Climate Finance: Key to Saving Rainforests and Keeping Temperatures in Check

A rain forest and lake in Honduras

(Credit: Unsplash)

by | Dec 14, 2023

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Winning climate finance continues to challenge the Global South, nations that want to develop but that contribute minimal CO2. After COP28, some hope emerged. It centers on the green bond, which emerging countries can issue and guarantee a payback to investors through carbon credit sales. 

I spoke to two investment bankers who have come out of retirement to ensure that the developing world gets the money it needs to keep its rainforests standing and create 21st-century jobs. The alternative is giving farmers, miners, palm oil companies, and lumberers more access to those lands, allowing them to cut down the trees that absorb carbon dioxide. 

Ian Gladen, managing director of BancTrust & Co., and Ian Robinson, chief executive of ITMO Capital, explained that green bonds function like traditional ones. They target green ventures, which in this case is the preservation of rainforests. For the last two decades, many countries have quantified their forests and preserved their trees. Corporations now have environmental, social, and governance missions, allocating specific percentages to green causes. 

“Investors need to see countries go through the process of verification and see how robust the process is to get comfortable buying something genuinely helpful,” Robinson told me. “Companies that buy bad bonds or credits get the bad publicity. Some think it may be safer to do nothing than buy the wrong thing.”

Developing Nations Role in Carbon Credits

Developing nations must prove that they have accounted for their rainforests and monitor them to prevent deforestation. They can issue carbon credits to pay back the green bondholders if approved. UN-appointed inspectors carry out the accreditation process for Sovereigns under Article 5.2 of the Paris Agreement and take, on average, two to three years. 

Will corporations get returns? Suriname is the first country to issue forest-based so-called internationally transferred mitigation outcomes or ITMOs under Article 6.2 of the Paris Agreement: 4.8 million carbon offsets. It’s a test case. If it works as planned, investors may line up to buy them.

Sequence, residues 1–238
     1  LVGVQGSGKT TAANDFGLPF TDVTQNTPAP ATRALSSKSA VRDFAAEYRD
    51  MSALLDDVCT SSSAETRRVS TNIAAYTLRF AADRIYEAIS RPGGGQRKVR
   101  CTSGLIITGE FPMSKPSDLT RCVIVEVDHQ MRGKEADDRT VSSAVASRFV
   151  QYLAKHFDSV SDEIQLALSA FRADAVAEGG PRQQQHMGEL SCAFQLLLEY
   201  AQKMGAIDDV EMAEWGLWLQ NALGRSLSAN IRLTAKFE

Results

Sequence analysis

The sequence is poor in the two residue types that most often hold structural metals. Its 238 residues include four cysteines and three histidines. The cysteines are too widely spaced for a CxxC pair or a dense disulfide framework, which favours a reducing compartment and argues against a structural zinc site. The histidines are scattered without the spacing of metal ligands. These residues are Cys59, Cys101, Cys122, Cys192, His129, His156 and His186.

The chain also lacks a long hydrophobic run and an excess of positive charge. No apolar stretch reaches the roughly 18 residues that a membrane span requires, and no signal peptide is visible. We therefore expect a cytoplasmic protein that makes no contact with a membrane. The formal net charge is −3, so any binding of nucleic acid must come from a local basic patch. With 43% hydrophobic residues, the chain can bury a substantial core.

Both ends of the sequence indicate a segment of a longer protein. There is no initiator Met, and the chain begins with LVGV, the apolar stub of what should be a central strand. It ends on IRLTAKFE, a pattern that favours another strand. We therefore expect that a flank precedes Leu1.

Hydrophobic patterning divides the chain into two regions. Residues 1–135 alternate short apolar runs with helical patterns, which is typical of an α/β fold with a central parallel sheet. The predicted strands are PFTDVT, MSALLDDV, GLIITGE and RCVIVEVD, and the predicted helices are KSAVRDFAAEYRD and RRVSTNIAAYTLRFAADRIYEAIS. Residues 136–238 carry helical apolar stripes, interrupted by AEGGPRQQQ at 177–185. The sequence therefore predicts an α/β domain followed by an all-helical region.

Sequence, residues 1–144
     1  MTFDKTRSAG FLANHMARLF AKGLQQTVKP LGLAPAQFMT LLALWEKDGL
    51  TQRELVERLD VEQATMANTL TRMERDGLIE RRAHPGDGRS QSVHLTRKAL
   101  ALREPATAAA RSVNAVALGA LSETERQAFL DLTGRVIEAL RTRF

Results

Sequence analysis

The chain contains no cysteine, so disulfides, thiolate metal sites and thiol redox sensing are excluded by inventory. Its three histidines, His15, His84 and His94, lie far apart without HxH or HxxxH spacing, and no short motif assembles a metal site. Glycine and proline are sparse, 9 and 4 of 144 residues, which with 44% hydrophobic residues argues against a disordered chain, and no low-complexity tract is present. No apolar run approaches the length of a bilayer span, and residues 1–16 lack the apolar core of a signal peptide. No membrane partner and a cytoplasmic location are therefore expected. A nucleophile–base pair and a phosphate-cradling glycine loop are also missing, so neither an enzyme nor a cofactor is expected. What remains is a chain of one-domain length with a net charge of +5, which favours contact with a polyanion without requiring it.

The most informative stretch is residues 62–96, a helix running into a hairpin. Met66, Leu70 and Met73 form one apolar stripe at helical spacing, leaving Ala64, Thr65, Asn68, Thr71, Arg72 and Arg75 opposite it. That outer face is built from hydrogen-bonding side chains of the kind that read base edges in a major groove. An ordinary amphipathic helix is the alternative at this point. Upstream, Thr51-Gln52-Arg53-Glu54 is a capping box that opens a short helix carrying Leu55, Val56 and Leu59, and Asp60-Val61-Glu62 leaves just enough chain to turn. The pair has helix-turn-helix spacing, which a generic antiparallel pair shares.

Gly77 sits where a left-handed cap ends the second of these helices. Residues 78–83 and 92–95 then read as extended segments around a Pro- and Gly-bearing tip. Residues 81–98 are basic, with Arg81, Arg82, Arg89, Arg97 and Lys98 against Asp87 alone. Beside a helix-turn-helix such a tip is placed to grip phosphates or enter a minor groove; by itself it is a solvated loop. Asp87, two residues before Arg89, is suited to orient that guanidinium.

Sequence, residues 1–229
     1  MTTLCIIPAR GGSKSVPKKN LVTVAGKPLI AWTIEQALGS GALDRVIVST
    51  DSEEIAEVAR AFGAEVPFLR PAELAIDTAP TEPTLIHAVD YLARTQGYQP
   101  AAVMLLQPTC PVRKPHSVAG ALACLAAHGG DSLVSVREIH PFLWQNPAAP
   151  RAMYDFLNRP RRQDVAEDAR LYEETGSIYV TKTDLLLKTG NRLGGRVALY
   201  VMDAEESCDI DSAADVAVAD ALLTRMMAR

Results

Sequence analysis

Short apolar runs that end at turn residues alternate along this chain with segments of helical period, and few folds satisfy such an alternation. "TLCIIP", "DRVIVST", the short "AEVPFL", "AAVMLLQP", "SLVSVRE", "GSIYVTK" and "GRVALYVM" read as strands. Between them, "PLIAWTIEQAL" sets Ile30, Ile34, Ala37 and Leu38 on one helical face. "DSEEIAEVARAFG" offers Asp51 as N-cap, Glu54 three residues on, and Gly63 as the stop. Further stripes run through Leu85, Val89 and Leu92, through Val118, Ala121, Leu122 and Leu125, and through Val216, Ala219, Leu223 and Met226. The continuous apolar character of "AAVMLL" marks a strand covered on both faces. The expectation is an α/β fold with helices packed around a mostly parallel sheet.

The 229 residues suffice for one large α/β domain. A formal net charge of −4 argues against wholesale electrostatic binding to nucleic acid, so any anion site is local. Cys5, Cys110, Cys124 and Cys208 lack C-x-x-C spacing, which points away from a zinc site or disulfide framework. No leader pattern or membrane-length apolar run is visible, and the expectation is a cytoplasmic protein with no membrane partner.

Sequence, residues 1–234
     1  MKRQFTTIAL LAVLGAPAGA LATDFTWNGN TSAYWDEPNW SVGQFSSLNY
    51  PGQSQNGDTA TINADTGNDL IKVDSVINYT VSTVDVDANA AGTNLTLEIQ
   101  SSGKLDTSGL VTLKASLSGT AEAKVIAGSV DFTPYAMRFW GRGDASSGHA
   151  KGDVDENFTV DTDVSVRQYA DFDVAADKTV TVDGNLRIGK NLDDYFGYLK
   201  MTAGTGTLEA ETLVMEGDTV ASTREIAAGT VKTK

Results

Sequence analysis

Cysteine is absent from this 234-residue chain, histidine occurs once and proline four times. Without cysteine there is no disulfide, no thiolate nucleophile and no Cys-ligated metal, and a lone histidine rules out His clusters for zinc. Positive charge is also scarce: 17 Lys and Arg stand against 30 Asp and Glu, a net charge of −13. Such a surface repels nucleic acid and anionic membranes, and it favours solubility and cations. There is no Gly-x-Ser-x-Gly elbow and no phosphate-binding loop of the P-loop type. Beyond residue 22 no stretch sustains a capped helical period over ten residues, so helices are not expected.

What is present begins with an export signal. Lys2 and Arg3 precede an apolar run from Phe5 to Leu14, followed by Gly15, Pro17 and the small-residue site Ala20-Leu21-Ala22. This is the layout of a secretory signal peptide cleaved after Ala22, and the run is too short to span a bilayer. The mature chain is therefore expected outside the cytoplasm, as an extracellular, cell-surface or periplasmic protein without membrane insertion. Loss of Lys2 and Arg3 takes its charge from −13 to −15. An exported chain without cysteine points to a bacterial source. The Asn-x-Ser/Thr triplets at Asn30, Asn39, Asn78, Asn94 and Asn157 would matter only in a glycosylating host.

Honduras will follow Suriname’s lead, issuing 10 million ITMOs in a relatively short order. The more rainforest nations to issue those carbon offsets, the merrier; it increases awareness and the demand for credits.

Countries have submitted their “global stocktake” – a snapshot of their climate progress. The United States and others are at a crossroads: This country aims to reduce its carbon emissions by 25% by 2025 using a 2005 baseline. However, 17% appears more realistic. After that, its goal is to cut carbon levels by 50% by 2030. The European Union aims to reduce its carbon emissions by 55% by 2030 from a 1990 baseline.

Countries and Companies Must Walk the Walk

Governments set emissions limits. Those countries that can reduce them below the target can sell credits to those unable to do so. As the ceiling lowers, CO2 levels fall. 

“When you buy bonds, you look at the balance sheet of the country and what you have in carbon credits,” said Gladen. “If the forests are maintained, countries will get paid yearly — a string of royalties. Yes, there is a political risk, depending on who is in power. But the payments continue as long as governments preserve the forests.” 

For example, Gabon’s military overthrew the president there — one who had held power since 2009, although his family had ruled the country for decades. The new government is as committed to keeping the rainforests as the old ones. 

Political risk is one concern. So is greenwashing. No doubt, companies must first deploy more renewables and energy-efficient technologies. But that won’t get them to net zero right now. Suppose they buy green bonds or carbon credits. In that case, they are giving money to rainforest nations that are either carbon neutral or carbon negative, allowing them to preserve their natural habitat and hire people for such jobs as forest rangers and tour guides.

Significantly, some of these countries, such as Honduras, suffer from extreme poverty. They see forest preservation as a job creator and a vehicle to prevent mass migration. And their trees absorb atmospheric CO2.  

“The overall impact? We get to keep the rainforests,” says Robinson. “Companies can see that forest verification is solid and will take a risk on this asset. After a series of trades, the market gets established. Suriname is the first one, and Honduras will follow. Then, three or four other countries will join in. Companies will do an amazing amount of good and not get criticized for it.” 

“The developed world is running toward a sustainable future,” adds Gladen. “Now, they must walk the walk and start paying.” 

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